To state a simple example of the above general assignment problem algebraically, the following notation is utilized. Let
i = 1, . . ., J | index of different logical cells |
(A logical cell is the portion of the coverage area of a cell served by a | |
logical face.) | |
i = 1, . . ., J | same as j (the combination (i, j) designates a pair of |
logical cells) | |
y_{j} | number of channels needed in logical cell j to meet |
blocking requirements | |
N | number of available channels |
I_{ij} | interference contribution by logical face i to logical cell j |
S_{j} | signal strength of logical face j |
T | threshold level of the signal-to-interference ratio |
The unknown quantities of the problem are:
The unknown quantities of the problem are: | ||||
g | capacity factor (bottleneck capacity ratio) | |||
K | number of channel sets | |||
N_{k} | size of channel set k | |||
1 if logical cell j is covered by channel set k | ||||
X_{kj} | ||||
0 otherwise | ||||
The channel assignment can be expressed as a mathematical programming problem of the form: Maximize g
Subject to:
N_{k}≧0, integer
where M is a large positive number.
The constraints in (1) allocate channels to logical cells in proportion to the cells' requirements. In constraint (2) the total number of assigned channels is limited to the number of channels available. Constraint (3) ensures that the ratio of signal strength to interference is above the desired threshold value with confidence level 1−α. Constraint (3) may be written to include neighbor-channel interference. This constraint may be repeated for different confidence levels 1−β and the corresponding threshold values T. The above formulation of the channel assignment problem can accommodate additional constraints that would reflect a user's special needs. Examples of such constraints are discussed herein below in a discussion of the solution procedure for the basic formulation.
The above problem is a large scale nonlinear mixed-integer stochastic mathematical program. If, for example, a cellular grid has 210 logical cells (70 cell sites, with 3 logical faces per cell site), and 200 channel sets are considered, there would be 42,211 constraints and 42,200 integer variables (excluding slack variables), of which 42,000 would be binary.
This problem is decomposed into two computationally tractable parts using generalized linear programming. The original problem is decomposed into two smaller problems which are solved one after the other in an iterative sequence, exchanging their respective solutions, until the optimal solution is reached. Following established convention, the two problems are called the Master Program and the Subprogram. The Master Program consists of all but the stochastic constraints in (3), which make up the Subprogram constraints.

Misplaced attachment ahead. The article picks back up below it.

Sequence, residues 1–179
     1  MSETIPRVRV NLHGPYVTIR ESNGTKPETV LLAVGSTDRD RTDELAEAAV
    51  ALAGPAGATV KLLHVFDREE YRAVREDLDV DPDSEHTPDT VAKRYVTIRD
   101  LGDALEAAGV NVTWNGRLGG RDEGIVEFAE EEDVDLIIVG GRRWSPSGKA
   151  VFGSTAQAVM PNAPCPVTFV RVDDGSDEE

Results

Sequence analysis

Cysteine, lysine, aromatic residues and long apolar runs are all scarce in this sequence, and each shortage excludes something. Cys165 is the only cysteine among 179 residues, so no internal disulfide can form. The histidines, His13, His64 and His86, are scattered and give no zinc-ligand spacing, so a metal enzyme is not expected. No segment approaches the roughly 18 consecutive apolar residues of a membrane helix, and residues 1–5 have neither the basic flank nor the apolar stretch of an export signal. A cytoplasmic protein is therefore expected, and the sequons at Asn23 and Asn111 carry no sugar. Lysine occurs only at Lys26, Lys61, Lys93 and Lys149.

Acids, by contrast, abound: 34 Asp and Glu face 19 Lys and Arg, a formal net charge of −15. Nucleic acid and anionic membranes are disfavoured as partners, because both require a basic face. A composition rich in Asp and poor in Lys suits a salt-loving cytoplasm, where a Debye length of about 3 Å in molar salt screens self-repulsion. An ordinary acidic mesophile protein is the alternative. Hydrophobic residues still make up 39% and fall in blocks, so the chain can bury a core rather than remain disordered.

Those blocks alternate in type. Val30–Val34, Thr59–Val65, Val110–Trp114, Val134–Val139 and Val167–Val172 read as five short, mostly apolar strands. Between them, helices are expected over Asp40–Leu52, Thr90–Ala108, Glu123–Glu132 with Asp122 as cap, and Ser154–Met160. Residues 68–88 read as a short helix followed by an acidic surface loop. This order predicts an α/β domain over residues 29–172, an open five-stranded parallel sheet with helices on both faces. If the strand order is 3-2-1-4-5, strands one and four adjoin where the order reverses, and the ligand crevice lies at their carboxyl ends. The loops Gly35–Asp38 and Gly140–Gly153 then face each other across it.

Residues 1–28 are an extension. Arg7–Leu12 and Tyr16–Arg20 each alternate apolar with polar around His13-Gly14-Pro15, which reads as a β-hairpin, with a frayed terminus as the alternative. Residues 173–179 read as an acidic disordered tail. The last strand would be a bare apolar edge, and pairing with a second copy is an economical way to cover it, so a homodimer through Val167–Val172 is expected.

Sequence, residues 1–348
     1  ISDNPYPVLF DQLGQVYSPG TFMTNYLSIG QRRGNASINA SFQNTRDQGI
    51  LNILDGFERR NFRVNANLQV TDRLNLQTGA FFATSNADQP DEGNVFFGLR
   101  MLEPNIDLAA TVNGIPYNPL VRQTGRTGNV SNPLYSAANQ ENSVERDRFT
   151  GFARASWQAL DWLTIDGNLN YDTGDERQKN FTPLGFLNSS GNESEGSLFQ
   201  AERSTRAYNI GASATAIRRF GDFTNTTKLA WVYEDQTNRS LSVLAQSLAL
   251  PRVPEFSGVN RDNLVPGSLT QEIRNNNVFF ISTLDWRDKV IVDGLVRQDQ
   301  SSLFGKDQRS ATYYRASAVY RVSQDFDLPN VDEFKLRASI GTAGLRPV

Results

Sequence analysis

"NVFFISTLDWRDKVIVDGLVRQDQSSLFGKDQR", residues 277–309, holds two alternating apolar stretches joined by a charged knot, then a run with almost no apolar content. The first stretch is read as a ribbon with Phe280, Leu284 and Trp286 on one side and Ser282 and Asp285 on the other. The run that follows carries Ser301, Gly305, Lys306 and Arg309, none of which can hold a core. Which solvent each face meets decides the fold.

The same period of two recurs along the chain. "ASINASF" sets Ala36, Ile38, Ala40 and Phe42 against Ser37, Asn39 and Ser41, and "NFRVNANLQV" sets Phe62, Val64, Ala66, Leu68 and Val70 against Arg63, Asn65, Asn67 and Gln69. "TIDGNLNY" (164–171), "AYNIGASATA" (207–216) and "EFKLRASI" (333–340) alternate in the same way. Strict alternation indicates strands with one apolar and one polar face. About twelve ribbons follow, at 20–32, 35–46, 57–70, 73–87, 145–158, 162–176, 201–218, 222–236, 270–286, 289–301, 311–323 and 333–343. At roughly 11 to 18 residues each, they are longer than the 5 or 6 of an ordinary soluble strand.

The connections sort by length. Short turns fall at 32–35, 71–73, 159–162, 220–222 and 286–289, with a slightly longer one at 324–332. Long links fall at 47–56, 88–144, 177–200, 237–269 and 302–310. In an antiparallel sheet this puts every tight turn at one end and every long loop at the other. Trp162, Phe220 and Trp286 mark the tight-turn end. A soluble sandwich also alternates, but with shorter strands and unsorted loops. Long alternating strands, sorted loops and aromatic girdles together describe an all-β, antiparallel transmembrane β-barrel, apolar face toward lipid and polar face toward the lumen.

The algebraic formulation of the Master Program and Subprogram are expressed as follows. The following expressions define the Master Program of block 420 subsequently discussed with respect to FIG. 4:
Maximize g
Subject to:
N_{k}≧0, integer
where x_{kj }are constants satisfying the interference conditions. These values are supplied by the Subprogram described below.
The Subprogram contains the constraints assuring that the ratio of signal strength to interference is above a desired threshold value. Its objective coefficients are the simplex multipliers corresponding to constraints (4) of the Master Program.
The Subprogram has the following form:
Subject to:
x_{j}=1, 0
where λ_{j }is the simplex multiplier corresponding to the j^{th }constraint in (4).
The collection of channel sets included in the Master Program is comprised of all the solutions of the Subprogram. The k^{th }solution of the Subprogram provides values for the binary variables x_{kj}. A channel set is defined in terms of the co-user cells it serves. The collection of channel sets grows with every new solution of the Subprogram, and this growth helps improve the Master Program solution. Growth in the collection of channel sets stops when the optimal solution is reached.
The overall structure of the assignment process comprising the Master Program and Subprogram is shown in the FIG. 4. The solution procedure, as shown in the flow process in FIG. 4, involves four major functions. These are: Channel Assignment Initialization (block 410), a Master Program Solution (block 420), Channel Set Augmentation, and Subprogram Solution (closely related blocks 430 and 440). In the first function, block 410, which is the initialization of the channel assignment, a feasible channel assignment is obtained before we proceed with the optimization. If the model is applied to an existing grid, the present channel assignment can serve as the initial channel assignment, provided it satisfies all system constraints. If it violates any of the constraints, it is modified by the Initial Channel Assignment algorithm, as described below, to meet all constraints.
Once an initial feasible channel assignment has been obtained, the remaining three functions are executed in an iterative sequence. First comes the solution of the Master Program in block 420, whose solution furnishes the system values of g, N_{k}, τ, and λ_{j}. τ is a simplex multiplier corresponding to constraint (5) and λ_{j }is a simplex multiplier corresponding to the jth constraint in (4). This information is used by the Channel Set Augmentation algorithm in block 430 which invokes the Subprogram Solution algorithm in block 440 several times in order to generate new channel sets.